نتیجه گیری انگلیسی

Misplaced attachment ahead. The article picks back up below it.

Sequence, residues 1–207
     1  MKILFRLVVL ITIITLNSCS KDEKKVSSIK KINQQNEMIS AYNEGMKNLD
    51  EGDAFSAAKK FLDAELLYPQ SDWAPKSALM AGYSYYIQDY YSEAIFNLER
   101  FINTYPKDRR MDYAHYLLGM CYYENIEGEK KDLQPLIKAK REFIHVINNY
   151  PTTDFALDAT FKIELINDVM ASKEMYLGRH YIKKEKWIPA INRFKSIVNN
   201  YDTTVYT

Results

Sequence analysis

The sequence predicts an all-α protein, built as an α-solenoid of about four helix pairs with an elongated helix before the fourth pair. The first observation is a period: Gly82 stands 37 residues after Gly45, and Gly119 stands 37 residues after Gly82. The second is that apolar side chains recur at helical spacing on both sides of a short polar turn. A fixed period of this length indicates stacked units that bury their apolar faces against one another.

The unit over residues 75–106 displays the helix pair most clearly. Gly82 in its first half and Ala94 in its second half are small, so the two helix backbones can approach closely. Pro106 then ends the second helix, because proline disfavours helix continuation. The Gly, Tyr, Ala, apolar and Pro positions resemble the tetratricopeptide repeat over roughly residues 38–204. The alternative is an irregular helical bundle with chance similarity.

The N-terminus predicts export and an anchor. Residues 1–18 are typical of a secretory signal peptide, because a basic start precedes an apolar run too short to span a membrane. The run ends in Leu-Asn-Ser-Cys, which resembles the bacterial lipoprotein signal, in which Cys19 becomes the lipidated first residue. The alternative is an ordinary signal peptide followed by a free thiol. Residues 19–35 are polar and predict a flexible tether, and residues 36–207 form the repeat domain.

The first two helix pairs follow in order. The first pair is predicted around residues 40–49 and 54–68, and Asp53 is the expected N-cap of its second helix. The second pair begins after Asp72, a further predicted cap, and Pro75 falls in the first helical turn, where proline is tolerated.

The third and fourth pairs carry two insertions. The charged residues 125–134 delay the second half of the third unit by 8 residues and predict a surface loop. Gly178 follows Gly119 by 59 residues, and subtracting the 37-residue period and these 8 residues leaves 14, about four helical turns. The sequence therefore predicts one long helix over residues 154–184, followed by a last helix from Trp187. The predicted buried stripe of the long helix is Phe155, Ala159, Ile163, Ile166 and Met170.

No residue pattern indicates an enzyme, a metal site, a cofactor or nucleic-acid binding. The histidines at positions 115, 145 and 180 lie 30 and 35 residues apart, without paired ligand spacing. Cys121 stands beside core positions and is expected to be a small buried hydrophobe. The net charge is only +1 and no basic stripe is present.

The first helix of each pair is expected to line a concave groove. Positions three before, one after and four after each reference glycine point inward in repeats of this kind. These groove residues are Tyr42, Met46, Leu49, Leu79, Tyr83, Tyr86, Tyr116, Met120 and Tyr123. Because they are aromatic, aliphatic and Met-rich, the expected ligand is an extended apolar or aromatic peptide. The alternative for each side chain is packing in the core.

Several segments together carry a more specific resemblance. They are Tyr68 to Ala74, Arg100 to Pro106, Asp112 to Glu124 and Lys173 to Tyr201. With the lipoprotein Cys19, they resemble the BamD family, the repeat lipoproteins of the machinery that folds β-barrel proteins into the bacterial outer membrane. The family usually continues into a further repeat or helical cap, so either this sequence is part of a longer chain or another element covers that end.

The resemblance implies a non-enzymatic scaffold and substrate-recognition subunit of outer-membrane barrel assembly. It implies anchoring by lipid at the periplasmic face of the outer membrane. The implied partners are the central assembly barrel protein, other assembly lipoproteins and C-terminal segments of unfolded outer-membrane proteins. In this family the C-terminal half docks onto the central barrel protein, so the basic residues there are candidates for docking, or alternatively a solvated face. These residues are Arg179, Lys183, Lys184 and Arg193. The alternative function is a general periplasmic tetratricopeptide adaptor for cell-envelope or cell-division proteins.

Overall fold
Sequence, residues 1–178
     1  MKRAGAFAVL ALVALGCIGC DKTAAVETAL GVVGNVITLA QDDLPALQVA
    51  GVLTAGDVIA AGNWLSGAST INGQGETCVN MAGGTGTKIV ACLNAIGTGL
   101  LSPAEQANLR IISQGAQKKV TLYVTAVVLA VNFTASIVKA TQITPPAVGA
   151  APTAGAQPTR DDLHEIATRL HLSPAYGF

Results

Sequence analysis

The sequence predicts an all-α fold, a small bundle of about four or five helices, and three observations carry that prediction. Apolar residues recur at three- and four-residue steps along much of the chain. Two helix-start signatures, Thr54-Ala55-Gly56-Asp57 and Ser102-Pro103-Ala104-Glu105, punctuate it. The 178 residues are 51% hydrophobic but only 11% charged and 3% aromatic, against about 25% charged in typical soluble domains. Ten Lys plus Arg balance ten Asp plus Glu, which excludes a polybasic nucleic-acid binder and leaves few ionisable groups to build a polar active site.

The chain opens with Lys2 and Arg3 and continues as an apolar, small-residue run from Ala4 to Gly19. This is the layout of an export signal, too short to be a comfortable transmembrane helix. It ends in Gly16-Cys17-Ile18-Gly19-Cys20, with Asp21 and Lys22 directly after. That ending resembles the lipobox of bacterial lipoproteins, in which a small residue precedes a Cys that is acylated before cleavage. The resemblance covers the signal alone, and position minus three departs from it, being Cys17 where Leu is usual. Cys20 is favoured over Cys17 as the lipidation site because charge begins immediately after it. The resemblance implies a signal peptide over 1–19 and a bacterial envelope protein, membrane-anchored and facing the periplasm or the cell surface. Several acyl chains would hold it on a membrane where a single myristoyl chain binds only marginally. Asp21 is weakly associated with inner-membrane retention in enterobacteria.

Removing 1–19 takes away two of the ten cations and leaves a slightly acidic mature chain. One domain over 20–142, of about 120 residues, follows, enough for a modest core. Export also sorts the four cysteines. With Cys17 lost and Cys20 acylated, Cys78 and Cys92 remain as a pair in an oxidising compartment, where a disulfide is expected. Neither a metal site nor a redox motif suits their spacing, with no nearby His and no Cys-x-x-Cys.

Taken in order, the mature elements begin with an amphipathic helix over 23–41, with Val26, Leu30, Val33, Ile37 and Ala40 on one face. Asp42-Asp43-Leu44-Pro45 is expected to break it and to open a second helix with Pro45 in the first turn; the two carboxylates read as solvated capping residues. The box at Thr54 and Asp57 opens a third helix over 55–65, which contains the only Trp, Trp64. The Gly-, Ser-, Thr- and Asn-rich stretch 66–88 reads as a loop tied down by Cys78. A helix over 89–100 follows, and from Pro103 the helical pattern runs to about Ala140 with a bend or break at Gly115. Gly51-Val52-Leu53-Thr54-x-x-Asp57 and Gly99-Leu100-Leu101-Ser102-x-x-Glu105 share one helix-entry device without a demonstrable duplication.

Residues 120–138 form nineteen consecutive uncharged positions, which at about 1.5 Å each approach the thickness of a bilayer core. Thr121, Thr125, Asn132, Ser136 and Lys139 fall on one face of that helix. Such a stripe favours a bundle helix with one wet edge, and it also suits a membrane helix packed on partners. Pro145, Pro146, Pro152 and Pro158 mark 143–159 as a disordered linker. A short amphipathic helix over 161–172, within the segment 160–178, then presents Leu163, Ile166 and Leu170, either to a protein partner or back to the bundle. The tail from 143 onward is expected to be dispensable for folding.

Under the unstable financial system of the 1920s, the BOJ actively intervened in the market as the LLR, which is reflected in the spikes in BOJ lending during periods of bank panic. The BOJ concentrated LLR loans with those banks which already had a transaction relationship with the BOJ, and it selected transaction counterparts based on the applications made by private banks. From case studies regarding the opening of transaction relationships, we found that the BOJ used the following criteria in selecting counterparts: (a) the financial condition of the bank (i.e. profitability and soundness of the portfolio), (b) the composition of the directors and large shareholders, and their private assets, (c) the scale of the bank and its position in the local financial market, and (d) the availability of funds other than BOJ loans. This finding is confirmed by econometric analysis of the determinants of the transaction relationship. That is, the probability of having a transaction relationship with the BOJ was high for those banks whose ROA was high and whose scale was large. And, for banks whose ROA was low and whose reserve ratio was low, the probability of a transaction relationship with the BOJ being closed was high. It is noteworthy that banks whose profitability was low could not maintain a transaction relationship with the BOJ. This policy of the BOJ in selecting transaction counterparts was consistent with the policy for selecting Special Loan recipients. In selecting recipients from the banks which needed rescue, the BOJ focused on their profitability. The probability of receiving an LLR loan was higher for a bank with a higher ROA. Further, a transaction relationship with the BOJ did not have the overall effect of increasing the probability for transaction counterparts to receive LLR loans, but it did increase the probability for profitable counterparts to receive LLR loans. As a result, a transaction relationship with the BOJ had no significant overall effect on a bank’s survivability, but it did enhance the effect of a high ROA on the survivability of a bank. These policies of the BOJ were effective in preventing moral hazard in banks, which could be incurred by LLR loans. There is no evidence that a transaction relationship with the BOJ had a significant impact on a bank’s risk-taking. The 1920s was an epoch of structural changes in Japanese financial history. Due to the harsh competition and poor macro-economic environment, a number of banks exited through mergers and failures. At the same time, during this wave of mergers and failures, an important feature of the Japanese financial system, namely, close ties between banks and industrial firms, which was one of the basic sources of bad loans in this period, declined (Teranishi, 2003 and Okazaki et al., 2006). The LLR loans by the BOJ were a measure to cope with financial instability accompanying the structural changes. However, it is possible that the LLR loans themselves could have incurred a moral hazard and impeded structural changes. The BOJ’s LLR policy successfully avoided this problem, while mitigating instability in the financial system.